Manchester City Says It Will Slow Spending as Team Improves

Manchester City, the English soccer club owned by Sheikh Mansour bin Zayed Al Nahyan, said its record-breaking player acquisition strategy is only a temporary measure to take the team to the level of the sport’s elite.

Mansour has spent more than 500 million pounds ($805 million) on the team since acquiring it in September 2008 from former Thai Prime Minister Thaksin Shinawatra. Most of that money has been spent on revamping the team by buying players like Carlos Tevez, Edin Dzeko and Mario Balotelli.

The club’s accounts for the year ended May 31, 2010, published by Companies House today, confirm figures released by City in October, and show it lost 121.3 million pounds, 31 percent more than a year earlier, on player salary and acquisition costs.

“It is safe to say that player acquisitions on the scale we have seen in recent transfer windows will no longer be required in the years ahead now that we have such a deep and competitive squad,” Chief Executive Officer Garry Cook wrote in the foreword to the accounts.

Still, the club has spent millions since the accounts were filed. Dzeko joined for 27 million pounds in January, while Balotelli, David Silva, James Milner, Yaya Toure and Jerome Boateng signed in the summer off-season for more than 100 million pounds.

The spending was the highest in England’s top division for the second straight year. City said in the accounts it’s looking to improve its balance sheet ahead of new financial rules established by European soccer’s governing body UEFA by expanding its income to balance its spending.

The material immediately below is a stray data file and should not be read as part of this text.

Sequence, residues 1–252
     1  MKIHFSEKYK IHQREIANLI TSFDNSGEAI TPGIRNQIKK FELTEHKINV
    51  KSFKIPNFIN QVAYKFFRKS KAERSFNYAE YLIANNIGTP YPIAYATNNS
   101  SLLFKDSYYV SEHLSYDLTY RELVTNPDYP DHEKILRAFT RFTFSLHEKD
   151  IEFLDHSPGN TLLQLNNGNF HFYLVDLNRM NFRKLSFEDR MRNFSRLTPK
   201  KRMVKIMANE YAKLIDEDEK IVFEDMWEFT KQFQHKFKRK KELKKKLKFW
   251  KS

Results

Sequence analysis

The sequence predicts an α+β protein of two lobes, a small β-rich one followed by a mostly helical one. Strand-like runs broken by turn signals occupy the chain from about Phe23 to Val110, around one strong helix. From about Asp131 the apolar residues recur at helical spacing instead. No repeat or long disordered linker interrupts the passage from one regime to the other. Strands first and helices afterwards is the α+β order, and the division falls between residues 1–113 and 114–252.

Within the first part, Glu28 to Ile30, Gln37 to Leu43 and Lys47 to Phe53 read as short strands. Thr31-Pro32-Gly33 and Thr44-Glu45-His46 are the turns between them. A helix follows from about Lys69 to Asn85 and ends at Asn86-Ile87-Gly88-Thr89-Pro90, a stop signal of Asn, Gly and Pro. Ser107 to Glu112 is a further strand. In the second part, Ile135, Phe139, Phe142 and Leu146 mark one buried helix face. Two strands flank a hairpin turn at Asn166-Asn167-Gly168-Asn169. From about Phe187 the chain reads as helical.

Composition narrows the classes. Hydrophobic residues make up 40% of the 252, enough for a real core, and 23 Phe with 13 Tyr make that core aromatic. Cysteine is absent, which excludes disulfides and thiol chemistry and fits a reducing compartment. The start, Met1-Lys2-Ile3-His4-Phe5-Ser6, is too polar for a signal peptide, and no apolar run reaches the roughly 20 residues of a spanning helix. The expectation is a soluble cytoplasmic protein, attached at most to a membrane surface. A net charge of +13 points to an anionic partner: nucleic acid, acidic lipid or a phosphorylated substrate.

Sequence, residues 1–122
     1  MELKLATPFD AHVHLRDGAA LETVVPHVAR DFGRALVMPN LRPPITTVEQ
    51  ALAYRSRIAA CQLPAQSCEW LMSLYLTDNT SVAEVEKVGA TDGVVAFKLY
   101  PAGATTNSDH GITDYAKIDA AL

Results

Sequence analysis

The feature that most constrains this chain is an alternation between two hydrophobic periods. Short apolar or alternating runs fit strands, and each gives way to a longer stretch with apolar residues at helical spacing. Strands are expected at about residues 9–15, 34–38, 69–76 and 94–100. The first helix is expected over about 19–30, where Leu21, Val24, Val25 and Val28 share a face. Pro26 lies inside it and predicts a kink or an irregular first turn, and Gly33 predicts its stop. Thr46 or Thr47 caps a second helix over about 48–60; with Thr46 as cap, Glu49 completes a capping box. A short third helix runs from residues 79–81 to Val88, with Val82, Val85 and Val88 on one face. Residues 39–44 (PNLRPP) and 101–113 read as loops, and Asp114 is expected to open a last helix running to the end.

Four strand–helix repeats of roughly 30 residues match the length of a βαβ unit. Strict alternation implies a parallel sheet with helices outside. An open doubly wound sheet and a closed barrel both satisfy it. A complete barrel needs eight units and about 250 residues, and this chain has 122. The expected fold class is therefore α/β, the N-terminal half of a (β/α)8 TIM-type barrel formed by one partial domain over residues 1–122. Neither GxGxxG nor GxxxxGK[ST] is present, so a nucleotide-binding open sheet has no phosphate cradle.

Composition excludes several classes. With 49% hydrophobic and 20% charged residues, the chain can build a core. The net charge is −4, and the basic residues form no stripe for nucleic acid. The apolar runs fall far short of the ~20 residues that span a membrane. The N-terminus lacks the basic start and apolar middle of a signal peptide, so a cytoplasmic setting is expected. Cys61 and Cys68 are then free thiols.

It said revenue from sponsors and partners grew 400 percent to 32.4 million pounds on the back of deals with the Abu Dhabi Tourism Authority, Etihad Airways and Etisalat. UEFA said it will monitor all deals to ensure they’re at competitive prices and not inflated to boost revenue figures.

Managed by Roberto Mancini, City is in third place in the Premier League, behind Manchester United and Arsenal. If it finishes in the top four it will play in the Champions League for the first time in its history next season.

To contact the reporter on this story: Tariq Panja in London at tpanja@bloomberg.net

To contact the editor responsible for this story: Christopher Elser at celser@bloomberg.net

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